Read More
Racial Equity

Economic Impact of Houston Area Minority Businesses Hits $14B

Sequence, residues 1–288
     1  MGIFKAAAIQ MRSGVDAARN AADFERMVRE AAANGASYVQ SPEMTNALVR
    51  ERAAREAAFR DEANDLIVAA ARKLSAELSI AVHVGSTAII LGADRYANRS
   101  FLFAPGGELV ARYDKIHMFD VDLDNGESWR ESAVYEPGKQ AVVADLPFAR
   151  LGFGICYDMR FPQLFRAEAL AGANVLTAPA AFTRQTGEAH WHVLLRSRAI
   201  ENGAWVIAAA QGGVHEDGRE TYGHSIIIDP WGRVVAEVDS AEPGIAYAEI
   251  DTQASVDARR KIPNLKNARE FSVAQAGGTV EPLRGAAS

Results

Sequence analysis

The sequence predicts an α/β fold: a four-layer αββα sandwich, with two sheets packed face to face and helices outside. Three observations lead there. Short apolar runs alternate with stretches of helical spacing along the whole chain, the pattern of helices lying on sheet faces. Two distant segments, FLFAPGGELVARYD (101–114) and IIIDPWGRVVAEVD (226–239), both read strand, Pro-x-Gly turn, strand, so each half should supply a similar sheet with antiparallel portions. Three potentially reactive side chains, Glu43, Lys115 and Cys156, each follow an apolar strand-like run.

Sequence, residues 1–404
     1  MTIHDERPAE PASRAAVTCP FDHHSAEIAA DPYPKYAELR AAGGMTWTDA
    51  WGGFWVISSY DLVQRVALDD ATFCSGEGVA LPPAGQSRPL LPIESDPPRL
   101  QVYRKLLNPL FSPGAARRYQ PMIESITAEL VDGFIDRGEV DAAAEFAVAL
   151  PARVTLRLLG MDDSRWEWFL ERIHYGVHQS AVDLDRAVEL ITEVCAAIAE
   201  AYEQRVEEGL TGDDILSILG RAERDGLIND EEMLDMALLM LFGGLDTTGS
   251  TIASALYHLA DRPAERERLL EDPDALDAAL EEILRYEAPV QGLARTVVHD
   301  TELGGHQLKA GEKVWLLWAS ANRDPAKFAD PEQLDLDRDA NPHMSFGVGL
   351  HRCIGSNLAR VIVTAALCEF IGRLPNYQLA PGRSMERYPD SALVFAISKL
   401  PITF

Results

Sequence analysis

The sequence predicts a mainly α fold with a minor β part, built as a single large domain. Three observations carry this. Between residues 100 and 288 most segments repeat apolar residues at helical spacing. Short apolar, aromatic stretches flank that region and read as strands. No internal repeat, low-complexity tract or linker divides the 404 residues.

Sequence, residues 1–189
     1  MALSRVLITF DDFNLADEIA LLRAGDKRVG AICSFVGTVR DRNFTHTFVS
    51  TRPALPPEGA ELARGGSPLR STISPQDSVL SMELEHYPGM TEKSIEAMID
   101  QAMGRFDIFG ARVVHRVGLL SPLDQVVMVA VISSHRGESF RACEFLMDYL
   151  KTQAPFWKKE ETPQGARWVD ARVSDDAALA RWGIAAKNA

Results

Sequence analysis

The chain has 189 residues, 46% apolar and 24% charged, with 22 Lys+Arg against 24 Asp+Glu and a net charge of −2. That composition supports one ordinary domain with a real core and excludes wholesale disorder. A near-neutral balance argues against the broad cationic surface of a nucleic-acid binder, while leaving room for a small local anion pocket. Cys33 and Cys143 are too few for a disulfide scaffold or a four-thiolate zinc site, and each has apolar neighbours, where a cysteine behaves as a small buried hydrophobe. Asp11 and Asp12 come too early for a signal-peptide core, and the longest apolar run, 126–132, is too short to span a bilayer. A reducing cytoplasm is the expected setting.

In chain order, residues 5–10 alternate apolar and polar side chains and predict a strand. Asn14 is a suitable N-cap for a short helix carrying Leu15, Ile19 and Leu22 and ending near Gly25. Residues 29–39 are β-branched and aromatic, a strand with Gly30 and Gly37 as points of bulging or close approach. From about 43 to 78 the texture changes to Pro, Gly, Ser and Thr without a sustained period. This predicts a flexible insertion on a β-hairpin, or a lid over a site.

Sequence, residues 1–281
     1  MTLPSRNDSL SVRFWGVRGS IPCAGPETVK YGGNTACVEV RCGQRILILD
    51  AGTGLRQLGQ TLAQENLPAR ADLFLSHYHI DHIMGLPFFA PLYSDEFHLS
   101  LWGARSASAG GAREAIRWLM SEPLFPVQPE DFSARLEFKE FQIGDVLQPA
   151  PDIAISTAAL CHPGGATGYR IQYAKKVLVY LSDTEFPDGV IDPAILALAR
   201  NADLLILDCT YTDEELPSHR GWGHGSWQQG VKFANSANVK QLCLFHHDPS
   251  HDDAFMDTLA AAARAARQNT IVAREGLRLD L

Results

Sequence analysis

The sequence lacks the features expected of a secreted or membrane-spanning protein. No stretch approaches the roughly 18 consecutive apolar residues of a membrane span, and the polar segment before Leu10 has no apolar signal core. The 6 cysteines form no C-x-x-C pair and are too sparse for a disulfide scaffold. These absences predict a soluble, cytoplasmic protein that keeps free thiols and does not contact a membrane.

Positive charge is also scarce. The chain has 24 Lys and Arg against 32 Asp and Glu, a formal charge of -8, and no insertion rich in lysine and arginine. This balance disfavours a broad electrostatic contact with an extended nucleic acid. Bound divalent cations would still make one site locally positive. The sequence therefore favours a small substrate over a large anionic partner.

6/7/22